Ludwig Kraus developed the Audi 100 in the late 1960s, allowing Audi to make the transition to the upmarket midsize segment. A short while later, Hartmut Warkuss designed the Audi 100 Coupé S, a car for individualists that today enjoys cult status. A new and optimistic era had begun. “This zeitgeist is immediately apparent as you leaf through our calendar,” remarks Thomas Frank, Head of Audi Tradition, “regardless of whether you’re looking at the bright yellow Audi 50 from the 70s, the white 80s coupé or the RS2 Avant in the blue that typified the 90s.”
The focus is firmly on the vehicles. “These are the cars that wrote the recent history of Audi, and we wanted them to look like exquisite jewels,” explains Stefan Warter. Audi was able to secure the services of the acclaimed car photographer to work on the calendar for the third successive year. His goal was to produce images that “had neither a montage look nor the visual appearance of computer animations”.
Kristina Redeker created a backdrop for each of the twelve automobiles. It is based on design facets from the given era and ties in with the color and styling of the vehicles portrayed. The resulting photos have a very powerful formal idiom. The individual pages can be viewed close-up; every detail makes an impact. And regarded from a distance, the enthralling colors and design of each car and its background come into their own. There are thrilling contrasts between light and dark, colored and monochrome, refined and flashy, youthful and timeless – in short, “Forever Young”.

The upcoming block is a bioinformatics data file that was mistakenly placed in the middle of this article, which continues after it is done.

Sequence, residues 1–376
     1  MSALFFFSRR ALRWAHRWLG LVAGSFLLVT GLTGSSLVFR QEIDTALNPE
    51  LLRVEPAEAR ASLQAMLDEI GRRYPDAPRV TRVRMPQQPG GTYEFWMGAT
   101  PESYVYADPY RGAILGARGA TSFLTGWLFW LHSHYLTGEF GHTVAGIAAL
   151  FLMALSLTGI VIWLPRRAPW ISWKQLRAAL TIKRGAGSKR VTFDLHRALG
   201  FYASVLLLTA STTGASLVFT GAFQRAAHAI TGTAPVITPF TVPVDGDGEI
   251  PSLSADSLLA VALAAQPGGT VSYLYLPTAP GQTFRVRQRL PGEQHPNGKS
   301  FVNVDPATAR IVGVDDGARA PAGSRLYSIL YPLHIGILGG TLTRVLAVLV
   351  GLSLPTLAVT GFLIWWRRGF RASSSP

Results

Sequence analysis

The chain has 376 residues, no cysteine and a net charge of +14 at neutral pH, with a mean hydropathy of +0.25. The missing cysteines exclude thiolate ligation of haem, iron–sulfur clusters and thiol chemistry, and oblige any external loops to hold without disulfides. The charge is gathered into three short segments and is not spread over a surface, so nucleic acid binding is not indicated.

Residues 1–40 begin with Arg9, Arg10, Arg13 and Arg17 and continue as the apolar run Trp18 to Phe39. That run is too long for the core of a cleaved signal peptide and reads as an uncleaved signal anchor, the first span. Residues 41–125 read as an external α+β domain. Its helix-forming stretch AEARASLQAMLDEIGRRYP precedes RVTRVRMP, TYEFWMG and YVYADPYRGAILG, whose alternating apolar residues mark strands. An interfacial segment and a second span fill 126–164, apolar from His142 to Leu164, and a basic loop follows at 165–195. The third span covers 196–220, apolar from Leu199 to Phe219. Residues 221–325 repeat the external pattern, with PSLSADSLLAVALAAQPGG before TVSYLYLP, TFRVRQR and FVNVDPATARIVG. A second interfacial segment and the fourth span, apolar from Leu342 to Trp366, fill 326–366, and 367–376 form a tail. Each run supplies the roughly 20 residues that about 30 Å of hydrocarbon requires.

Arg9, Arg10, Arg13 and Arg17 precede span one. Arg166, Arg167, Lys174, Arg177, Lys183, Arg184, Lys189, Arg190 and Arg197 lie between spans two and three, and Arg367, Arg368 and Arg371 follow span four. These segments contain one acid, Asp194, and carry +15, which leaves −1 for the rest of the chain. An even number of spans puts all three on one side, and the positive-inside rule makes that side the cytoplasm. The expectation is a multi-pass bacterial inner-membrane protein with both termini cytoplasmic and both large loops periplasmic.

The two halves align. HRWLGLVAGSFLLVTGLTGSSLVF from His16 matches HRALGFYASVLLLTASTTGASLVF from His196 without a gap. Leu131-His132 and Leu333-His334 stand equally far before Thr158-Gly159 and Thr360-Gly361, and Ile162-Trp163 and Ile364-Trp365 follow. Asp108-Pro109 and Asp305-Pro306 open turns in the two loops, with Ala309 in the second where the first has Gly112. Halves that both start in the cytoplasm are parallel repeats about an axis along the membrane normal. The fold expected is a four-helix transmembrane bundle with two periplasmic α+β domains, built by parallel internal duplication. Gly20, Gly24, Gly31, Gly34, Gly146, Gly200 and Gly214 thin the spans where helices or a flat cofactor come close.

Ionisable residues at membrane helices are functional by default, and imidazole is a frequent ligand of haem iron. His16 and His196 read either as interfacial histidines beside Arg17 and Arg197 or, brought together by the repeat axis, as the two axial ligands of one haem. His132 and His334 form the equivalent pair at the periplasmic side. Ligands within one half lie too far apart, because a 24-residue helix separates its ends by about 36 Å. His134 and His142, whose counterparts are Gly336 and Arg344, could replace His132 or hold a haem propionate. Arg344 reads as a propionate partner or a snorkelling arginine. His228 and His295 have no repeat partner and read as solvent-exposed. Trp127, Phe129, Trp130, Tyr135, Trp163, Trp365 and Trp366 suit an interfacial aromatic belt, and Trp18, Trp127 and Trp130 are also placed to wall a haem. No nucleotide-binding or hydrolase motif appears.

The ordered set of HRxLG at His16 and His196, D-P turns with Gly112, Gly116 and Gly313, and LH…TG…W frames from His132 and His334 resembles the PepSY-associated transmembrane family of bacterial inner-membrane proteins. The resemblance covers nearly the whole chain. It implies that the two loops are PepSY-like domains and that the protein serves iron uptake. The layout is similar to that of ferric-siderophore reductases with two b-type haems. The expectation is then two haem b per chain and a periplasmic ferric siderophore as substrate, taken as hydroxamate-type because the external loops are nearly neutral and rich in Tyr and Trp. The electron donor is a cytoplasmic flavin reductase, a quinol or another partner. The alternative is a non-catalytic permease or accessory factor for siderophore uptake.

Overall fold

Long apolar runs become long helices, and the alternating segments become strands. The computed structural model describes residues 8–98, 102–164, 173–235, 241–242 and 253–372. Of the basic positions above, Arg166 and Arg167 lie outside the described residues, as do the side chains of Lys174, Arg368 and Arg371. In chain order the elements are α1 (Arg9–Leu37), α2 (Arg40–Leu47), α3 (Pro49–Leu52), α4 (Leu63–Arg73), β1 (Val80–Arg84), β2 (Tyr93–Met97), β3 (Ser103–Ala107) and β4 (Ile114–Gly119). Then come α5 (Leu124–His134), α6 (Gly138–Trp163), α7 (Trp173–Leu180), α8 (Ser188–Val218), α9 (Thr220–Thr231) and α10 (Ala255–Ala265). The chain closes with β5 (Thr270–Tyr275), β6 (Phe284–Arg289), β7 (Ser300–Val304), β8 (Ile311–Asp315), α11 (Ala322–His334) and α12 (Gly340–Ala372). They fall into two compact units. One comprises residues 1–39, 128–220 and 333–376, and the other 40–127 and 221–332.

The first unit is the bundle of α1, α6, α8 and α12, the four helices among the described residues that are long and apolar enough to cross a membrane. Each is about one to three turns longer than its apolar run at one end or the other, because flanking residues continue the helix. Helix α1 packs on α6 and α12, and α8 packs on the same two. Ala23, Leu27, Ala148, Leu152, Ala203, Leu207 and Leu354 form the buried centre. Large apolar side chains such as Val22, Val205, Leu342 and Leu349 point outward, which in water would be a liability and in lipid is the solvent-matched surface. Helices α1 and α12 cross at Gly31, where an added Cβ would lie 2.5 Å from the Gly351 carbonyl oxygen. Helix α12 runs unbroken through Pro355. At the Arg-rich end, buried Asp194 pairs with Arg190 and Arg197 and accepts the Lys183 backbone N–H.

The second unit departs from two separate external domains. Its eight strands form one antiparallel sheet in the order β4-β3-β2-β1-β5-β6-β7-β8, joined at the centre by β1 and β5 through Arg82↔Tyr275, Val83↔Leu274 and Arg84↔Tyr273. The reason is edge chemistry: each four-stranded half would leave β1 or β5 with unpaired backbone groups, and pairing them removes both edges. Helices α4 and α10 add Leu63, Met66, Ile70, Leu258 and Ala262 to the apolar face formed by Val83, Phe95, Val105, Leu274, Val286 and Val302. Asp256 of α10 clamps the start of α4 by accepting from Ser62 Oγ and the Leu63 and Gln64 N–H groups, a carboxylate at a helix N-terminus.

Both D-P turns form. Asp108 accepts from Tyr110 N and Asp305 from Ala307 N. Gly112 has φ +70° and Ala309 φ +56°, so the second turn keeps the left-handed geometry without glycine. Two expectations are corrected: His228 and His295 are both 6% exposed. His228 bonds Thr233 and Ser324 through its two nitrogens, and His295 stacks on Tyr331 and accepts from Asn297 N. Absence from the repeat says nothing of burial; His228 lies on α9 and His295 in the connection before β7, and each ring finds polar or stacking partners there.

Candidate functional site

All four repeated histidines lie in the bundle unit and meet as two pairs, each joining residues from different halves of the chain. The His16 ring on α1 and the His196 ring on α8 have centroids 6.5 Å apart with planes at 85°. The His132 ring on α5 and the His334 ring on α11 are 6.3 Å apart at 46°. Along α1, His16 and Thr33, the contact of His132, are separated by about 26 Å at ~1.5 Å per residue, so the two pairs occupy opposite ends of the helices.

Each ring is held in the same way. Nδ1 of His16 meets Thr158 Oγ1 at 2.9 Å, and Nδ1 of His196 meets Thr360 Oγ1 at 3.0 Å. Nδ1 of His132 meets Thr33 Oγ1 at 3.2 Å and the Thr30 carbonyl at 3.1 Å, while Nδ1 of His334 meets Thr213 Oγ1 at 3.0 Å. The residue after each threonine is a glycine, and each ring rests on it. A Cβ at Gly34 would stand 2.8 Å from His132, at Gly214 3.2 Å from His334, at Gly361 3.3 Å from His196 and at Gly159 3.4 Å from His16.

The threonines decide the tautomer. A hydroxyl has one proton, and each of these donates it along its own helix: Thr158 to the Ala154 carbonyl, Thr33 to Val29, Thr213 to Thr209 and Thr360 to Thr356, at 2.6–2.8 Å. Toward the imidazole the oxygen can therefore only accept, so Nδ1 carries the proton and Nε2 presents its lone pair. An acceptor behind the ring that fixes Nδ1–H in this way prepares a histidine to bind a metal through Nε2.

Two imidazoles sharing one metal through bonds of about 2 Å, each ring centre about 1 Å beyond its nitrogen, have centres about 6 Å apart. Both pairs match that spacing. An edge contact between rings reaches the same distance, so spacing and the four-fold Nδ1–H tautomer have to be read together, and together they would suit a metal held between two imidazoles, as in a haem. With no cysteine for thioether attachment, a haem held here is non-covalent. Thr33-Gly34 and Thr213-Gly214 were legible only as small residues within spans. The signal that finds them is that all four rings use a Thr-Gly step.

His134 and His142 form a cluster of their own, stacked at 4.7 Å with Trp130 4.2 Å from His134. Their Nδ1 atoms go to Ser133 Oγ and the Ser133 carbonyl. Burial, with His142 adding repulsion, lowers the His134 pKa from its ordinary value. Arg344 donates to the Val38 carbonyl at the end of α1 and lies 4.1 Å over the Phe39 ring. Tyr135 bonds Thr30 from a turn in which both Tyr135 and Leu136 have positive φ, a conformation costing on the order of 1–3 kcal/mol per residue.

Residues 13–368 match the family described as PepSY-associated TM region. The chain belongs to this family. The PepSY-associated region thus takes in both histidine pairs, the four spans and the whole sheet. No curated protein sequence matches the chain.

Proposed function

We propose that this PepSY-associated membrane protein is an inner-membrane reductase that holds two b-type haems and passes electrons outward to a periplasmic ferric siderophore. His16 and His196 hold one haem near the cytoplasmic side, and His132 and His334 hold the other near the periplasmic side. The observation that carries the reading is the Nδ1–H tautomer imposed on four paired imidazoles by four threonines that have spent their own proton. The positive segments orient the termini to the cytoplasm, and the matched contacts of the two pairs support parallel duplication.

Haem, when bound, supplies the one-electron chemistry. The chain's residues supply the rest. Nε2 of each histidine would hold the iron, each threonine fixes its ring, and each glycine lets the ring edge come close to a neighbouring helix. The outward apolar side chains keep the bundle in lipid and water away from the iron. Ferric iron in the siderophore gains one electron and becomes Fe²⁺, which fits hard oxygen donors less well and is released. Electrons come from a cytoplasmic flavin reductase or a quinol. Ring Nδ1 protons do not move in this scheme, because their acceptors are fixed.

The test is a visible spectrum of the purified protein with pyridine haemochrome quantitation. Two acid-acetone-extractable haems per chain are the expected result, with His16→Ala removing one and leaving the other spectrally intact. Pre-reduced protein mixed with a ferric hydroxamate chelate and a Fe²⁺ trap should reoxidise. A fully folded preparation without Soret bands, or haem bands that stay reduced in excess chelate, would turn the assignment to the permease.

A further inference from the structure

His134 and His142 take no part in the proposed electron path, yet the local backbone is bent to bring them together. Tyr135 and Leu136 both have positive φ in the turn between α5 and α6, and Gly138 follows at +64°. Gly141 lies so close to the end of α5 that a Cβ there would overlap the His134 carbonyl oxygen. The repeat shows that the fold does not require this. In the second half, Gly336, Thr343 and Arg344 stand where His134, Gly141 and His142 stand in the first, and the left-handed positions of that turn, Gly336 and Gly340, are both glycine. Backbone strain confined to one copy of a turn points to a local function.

The “Forever Young” calendar costs 29.90 euros and will be available from November 10, 2012, when it can be purchased from the Audi museum mobile shop in Ingolstadt or ordered online at www.audi.de/tradition-parts.